T didn't have an introduction to grammar in Primary, or at least not to my knowledge. His first year in elementary I introduced all 8 parts of speech Montessori covers, noun, article, adjective, verb, preposition, adverb, pronoun, conjunction and interjection. He received these initial lessons and then partially worked on the grammar boxes. He never got to the grammar command cards because I didn't have these ready until this year. Last year, he worked relatively little with grammar. We started the sentence analysis sequence, noun and adjective classification, and word study, but since we lost three months of schooling during our move, there wasn't too much of that either. I'll also add that he wasn't all that into writing: that is, creative writing, letter writing, writing definitions, or factual writing. I think that his dislike for writing has stalled us from exploring language more. He loves to read, but the expressive language isn't all there yet.
In the part of the school year I didn't take photos for some reason, T started with the present tense lessons.
Pictured here is the past tense sequence. The KotU albums have you make this crazy set of cards. There is no where that anything sells like this, or at least I haven't seen anywhere that does. If you know of somewhere let me know too!
Anyway, in this lesson we explore weak and strong verbs in the simple past tense. I put together three envelopes: one containing weak verb strips and charts, one containing strong verb strips and charts and one envelope that has a mix of strong and weak verb strips.
For these "folders" I just put the strips into smaller zipper plastic envelopes with red cards with a labels on them. Through trial and error I was able to make charts and strips that fit the envelope "folders."
There is a printable for this material (minus the verbs, you'd need to come up with examples yourself) on the KotU message boards.
Above you can see the chart I made for the weak verb slips. In the present tense, the root of the weak verb doesn't change. In this case it would be "I paint," "you paint," "he paints," "she paints," etc. In the past tense, the weak verb root doesn't change either, but we know that the action was in the past by its suffix, in this case "ed."
You can see that the verb strip is inserted into the chart. I just laminated the entire chart and then used a ruler and a utility knife to cut slits in where I needed, leaving enough strip at the ends to be able to move it up and down.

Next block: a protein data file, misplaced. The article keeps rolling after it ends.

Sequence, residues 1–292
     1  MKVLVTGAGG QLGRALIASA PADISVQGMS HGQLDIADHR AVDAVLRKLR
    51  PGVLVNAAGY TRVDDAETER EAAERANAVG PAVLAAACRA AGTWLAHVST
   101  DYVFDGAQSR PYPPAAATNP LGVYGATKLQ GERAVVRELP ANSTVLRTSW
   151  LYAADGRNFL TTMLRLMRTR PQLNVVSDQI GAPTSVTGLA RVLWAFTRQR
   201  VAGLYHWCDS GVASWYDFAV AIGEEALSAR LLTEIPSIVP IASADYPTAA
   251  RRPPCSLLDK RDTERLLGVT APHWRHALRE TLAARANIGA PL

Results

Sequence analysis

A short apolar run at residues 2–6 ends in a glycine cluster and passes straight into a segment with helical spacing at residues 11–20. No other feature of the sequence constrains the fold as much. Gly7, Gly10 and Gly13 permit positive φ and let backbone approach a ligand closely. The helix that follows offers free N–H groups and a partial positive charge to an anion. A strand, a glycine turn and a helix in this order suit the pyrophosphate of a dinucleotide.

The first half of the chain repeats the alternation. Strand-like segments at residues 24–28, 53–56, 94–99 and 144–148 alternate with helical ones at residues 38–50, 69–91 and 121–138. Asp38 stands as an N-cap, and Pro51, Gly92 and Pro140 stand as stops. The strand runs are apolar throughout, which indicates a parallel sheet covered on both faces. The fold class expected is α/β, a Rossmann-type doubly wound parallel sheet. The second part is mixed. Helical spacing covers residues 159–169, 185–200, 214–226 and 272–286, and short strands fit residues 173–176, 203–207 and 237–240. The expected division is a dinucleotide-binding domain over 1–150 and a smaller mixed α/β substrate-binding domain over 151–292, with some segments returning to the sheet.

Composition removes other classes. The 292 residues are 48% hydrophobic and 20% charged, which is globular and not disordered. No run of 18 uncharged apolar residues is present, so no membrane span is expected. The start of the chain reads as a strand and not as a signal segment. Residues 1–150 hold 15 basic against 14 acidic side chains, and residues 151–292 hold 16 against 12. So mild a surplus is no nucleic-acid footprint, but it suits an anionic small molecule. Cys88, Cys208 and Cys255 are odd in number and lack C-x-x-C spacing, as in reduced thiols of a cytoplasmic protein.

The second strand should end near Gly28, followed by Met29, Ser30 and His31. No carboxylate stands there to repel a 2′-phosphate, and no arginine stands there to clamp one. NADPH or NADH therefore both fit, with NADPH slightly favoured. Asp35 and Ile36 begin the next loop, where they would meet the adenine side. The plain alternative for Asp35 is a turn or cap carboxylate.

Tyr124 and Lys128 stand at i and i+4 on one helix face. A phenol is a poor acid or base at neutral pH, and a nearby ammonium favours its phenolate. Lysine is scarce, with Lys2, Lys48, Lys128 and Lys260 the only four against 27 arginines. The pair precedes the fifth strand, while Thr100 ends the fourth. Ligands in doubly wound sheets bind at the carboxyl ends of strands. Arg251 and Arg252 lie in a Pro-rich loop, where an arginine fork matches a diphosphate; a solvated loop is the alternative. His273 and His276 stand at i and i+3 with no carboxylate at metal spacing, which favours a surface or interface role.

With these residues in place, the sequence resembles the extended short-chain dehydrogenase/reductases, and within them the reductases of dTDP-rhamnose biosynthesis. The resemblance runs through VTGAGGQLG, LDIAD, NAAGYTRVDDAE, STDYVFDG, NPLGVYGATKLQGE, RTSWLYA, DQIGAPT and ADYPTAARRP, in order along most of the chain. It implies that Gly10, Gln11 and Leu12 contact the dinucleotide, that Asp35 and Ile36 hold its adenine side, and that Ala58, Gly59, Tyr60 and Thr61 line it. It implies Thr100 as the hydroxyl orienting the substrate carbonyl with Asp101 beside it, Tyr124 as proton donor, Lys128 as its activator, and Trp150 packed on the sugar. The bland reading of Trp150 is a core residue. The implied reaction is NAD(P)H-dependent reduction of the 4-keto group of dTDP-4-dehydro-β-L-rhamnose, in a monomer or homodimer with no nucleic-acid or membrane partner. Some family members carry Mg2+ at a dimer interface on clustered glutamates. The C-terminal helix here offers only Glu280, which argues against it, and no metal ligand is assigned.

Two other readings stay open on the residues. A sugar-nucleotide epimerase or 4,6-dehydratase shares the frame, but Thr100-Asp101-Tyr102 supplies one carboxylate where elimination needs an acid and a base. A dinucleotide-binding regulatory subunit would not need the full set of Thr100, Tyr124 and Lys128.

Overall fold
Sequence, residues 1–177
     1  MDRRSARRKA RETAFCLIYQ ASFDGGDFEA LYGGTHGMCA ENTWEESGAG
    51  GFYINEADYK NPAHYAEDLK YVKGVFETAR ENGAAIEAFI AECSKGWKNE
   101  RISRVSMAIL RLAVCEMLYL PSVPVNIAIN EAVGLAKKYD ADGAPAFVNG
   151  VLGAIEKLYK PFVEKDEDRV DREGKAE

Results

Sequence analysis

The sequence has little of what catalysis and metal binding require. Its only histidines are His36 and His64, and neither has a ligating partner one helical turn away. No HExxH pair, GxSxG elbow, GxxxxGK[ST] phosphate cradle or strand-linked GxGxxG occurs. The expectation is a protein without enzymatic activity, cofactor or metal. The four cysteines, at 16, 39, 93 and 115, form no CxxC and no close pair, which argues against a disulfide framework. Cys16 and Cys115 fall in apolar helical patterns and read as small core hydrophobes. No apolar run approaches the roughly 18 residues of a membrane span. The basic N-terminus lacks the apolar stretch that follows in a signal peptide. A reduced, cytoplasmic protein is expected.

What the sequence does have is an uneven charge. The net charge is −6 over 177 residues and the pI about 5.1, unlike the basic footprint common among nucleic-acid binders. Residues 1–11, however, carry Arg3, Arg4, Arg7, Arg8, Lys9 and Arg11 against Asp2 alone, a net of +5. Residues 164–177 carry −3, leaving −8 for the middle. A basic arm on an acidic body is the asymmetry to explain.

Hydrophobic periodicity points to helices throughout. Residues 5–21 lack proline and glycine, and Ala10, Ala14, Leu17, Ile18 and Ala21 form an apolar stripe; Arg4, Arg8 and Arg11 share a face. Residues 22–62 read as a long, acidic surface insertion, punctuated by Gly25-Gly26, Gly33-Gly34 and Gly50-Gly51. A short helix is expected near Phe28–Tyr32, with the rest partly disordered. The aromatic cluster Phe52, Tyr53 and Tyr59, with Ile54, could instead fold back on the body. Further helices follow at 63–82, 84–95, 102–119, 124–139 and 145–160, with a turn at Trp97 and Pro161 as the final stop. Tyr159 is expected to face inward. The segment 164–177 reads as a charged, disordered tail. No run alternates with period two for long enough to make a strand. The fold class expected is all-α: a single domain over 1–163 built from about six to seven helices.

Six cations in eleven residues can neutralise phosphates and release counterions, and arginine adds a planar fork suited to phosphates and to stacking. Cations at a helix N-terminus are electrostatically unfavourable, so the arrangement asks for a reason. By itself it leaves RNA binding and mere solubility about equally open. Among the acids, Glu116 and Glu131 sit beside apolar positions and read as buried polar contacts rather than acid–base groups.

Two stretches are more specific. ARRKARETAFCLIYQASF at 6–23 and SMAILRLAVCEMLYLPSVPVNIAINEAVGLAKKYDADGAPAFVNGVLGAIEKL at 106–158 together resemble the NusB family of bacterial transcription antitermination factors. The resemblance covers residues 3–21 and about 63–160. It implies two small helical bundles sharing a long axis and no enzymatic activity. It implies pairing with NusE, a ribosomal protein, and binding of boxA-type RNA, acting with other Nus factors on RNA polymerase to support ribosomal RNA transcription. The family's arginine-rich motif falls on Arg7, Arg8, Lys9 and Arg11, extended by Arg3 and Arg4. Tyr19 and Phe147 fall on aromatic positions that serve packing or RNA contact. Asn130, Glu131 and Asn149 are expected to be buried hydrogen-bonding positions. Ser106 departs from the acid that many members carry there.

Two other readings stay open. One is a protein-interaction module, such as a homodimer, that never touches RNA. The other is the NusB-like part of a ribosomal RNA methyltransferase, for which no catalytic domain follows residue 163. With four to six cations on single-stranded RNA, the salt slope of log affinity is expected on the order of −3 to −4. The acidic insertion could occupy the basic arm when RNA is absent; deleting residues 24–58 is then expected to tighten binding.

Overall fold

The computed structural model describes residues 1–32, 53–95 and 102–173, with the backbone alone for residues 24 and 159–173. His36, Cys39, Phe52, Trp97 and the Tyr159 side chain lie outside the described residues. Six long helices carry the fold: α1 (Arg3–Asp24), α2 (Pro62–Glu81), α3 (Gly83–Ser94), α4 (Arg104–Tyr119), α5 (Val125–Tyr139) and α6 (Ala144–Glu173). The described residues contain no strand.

You can almost see the weak verb charts at the top of this photo. In the initial presentation, we only present the weak verb charts and the other strong verb charts you see at the bottom of the shot would still be in their envelope.
Anyway, the "s" for the third person singular "he" and "she" on the weak verb chart is printed on the chart already, making the addition to "he paints" and "she paints" automatic. Only the verb root word "paint" is printed on the weak verb strip. The simple past tense chart has "ed" printed on it for each conjugation.
The strong verbs are also called irregular verbs. The root of the verb changes in the simple past tense. For example, "I eat" becomes "I ate." You can almost see in the shot above that the simple present tense chart for the strong verbs also has a printed "s" for the third person singular conjugations. And the simple past tense chart for the strong verbs has nothing printed on it but the pronouns because the verb is not modified by a suffix. The different verb root, "ate" is printed on the back of the verb strip. (So "eat" is printed on one side, and "ate" is printed on the back side.) I made the strong verb charts in the same manner as the weak verb charts.
I chose "to eat, to grow, and to find" for the strong verb folder.
These were some of the other verbs I made for the "mixed" envelope where the child must figure out if they are strong or weak verbs.
**Try to have your child not look at the backs of the verb strips while looking at the simple present tense. Otherwise they can guess whether they are strong or weak verbs right off the bat.**
T liked this lesson and thought it was pretty simple. I was glad that he liked the lesson material that cost me three days, and some grey hair to make.
I don't remember if the albums have the child do follow-up works for this lesson. I had T look through his Captain Underpants books for weak and strong verbs. He ended up with a good collection of both.
Stay tuned, there is more to come!